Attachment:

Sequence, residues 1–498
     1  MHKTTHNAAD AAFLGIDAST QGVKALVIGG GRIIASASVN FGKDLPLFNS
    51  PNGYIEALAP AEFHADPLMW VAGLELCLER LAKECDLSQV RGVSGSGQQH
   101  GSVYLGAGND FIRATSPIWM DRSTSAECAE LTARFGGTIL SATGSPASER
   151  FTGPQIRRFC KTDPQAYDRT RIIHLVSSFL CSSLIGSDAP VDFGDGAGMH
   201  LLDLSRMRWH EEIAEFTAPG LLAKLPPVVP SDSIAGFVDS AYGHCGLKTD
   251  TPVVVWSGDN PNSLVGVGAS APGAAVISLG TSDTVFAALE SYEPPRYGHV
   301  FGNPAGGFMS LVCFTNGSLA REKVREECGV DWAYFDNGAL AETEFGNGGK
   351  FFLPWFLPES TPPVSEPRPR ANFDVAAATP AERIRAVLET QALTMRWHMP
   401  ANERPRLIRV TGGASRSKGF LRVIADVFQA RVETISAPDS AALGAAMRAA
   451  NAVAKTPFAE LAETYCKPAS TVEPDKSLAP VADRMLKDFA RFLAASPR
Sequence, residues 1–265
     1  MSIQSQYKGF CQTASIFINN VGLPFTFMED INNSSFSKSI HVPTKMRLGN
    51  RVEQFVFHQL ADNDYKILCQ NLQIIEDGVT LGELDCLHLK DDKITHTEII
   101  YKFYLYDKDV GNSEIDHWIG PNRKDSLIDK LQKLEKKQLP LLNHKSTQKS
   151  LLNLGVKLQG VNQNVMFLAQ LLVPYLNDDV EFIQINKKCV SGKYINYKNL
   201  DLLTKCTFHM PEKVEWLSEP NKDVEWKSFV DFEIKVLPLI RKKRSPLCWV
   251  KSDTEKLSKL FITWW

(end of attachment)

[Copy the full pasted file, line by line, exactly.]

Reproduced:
Sequence, residues 1–498
     1  MHKTTHNAAD AAFLGIDAST QGVKALVIGG GRIIASASVN FGKDLPLFNS
    51  PNGYIEALAP AEFHADPLMW VAGLELCLER LAKECDLSQV RGVSGSGQQH
   101  GSVYLGAGND FIRATSPIWM DRSTSAECAE LTARFGGTIL SATGSPASER
   151  FTGPQIRRFC KTDPQAYDRT RIIHLVSSFL CSSLIGSDAP VDFGDGAGMH
   201  LLDLSRMRWH EEIAEFTAPG LLAKLPPVVP SDSIAGFVDS AYGHCGLKTD
   251  TPVVVWSGDN PNSLVGVGAS APGAAVISLG TSDTVFAALE SYEPPRYGHV
   301  FGNPAGGFMS LVCFTNGSLA REKVREECGV DWAYFDNGAL AETEFGNGGK
   351  FFLPWFLPES TPPVSEPRPR ANFDVAAATP AERIRAVLET QALTMRWHMP
   401  ANERPRLIRV TGGASRSKGF LRVIADVFQA RVETISAPDS AALGAAMRAA
   451  NAVAKTPFAE LAETYCKPAS TVEPDKSLAP VADRMLKDFA RFLAASPR
Sequence, residues 1–265
     1  MSIQSQYKGF CQTASIFINN VGLPFTFMED INNSSFSKSI HVPTKMRLGN
    51  RVEQFVFHQL ADNDYKILCQ NLQIIEDGVT LGELDCLHLK DDKITHTEII
   101  YKFYLYDKDV GNSEIDHWIG PNRKDSLIDK LQKLEKKQLP LLNHKSTQKS
   151  LLNLGVKLQG VNQNVMFLAQ LLVPYLNDDV EFIQINKKCV SGKYINYKNL
   201  DLLTKCTFHM PEKVEWLSEP NKDVEWKSFV DFEIKVLPLI RKKRSPLCWV
   251  KSDTEKLSKL FITWW